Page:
A related long-term cost to the government is providing Social Security disability compensation. This is decided based on a single criterion: whether or not the person is able to work. There are a significant number of OIF/OEF veterans who will fall into this category. For example, according to the Veterans Disability Benefits Commission, one-third of patients with PTSD are “unemployable”. Given that there are 45,000 confirmed cases of PTSD already, that implies that already 15,000 Iraq war veterans may be eligible for Social Security disability compensation, in addition to all those who have serious physical disabilities.
If we maintain a presence in Iraq through 2017 we estimate that the long-tern cost of providing all these benefits over the lifetime of the veterans will be at least $400 billion. We projected these costs based on the number of claims and medical visits of the current veterans, and on historical data from the first Gulf War. For example, we know that 28% of OIF/OEF veterans have already applied for veteran’s disability benefits and 88% of the ones that have been processed have been approved. Based on the Gulf War conflict, we can project how many Iraq and Afghan veterans will eventually seek disability compensation. Even through that was a short war with little ground combat, 45% of veterans applied for benefits and 87% were approved. More than 40% are enrolled and using the VA health care system. In reality, many veterans experts and medical doctors predict that Iraq war veterans will claim benefits and use VA health care system at a far higher rate than in the Gulf War.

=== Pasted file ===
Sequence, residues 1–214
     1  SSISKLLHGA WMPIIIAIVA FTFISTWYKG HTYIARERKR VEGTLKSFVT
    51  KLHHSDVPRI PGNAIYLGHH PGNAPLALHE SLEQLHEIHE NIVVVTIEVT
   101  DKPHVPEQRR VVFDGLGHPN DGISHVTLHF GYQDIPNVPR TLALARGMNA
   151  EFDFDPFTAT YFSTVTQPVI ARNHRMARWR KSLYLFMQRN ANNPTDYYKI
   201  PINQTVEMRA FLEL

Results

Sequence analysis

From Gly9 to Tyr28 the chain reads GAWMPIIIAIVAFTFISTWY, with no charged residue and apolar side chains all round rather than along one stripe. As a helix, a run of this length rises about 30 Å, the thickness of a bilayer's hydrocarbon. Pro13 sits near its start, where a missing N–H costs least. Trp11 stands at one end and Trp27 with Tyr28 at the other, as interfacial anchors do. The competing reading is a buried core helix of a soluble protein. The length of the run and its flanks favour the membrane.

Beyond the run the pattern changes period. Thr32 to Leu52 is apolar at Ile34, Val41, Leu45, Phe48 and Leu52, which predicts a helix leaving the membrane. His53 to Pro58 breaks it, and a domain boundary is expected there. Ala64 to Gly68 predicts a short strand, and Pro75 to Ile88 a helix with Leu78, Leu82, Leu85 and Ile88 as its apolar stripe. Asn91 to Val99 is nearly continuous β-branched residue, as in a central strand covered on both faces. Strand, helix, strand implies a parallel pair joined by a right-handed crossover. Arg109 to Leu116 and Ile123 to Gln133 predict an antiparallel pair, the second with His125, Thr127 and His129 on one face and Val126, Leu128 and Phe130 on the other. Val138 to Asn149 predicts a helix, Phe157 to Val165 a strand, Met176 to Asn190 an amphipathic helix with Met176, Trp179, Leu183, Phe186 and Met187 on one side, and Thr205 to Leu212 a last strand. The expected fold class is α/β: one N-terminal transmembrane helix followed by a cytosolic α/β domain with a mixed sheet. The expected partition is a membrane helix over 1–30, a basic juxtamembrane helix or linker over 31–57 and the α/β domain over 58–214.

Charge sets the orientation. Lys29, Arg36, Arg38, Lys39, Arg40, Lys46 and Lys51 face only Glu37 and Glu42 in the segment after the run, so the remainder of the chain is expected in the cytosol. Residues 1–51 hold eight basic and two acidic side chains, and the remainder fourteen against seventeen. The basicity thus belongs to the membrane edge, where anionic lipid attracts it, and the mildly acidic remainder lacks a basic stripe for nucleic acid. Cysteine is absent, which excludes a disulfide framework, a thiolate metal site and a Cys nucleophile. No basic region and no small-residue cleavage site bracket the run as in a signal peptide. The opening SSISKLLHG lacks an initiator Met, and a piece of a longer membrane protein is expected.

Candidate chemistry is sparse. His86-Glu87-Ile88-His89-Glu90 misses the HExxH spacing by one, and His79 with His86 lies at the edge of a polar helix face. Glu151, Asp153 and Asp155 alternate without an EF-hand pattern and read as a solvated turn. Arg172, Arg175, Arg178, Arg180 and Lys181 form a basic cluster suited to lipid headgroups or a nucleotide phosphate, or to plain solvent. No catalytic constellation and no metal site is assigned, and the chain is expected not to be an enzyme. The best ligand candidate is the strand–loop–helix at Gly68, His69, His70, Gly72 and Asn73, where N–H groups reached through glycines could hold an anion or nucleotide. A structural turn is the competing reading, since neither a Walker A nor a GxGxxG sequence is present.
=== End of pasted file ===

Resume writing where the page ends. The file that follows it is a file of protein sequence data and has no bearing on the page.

A second long-term cost is the replacement of military equipment. We are repairing equipment in Iraq, but it is depreciating at a much faster rate than we are replacing it. The military has already said it will need $10 to $15 billion to replace equipment in the Army and Marines each year for the remainder of the war and for at least two years beyond. But there are other forces that will also need re-tooling as a result of the conflict. For example the Air Force fleet is aging rapidly due largely to the harsh flying conditions in Iraq. The Air Force estimates that it will need $400 billion to restore the fleet to its target age. If only 10% of that cost is attributed to the five years of effort in Iraq, that alone is $40 billion in cost. I will not go through all of our estimates here. But in total we estimate that all of this will add from $100 to $200 billion to the long- term budgetary cost of the war.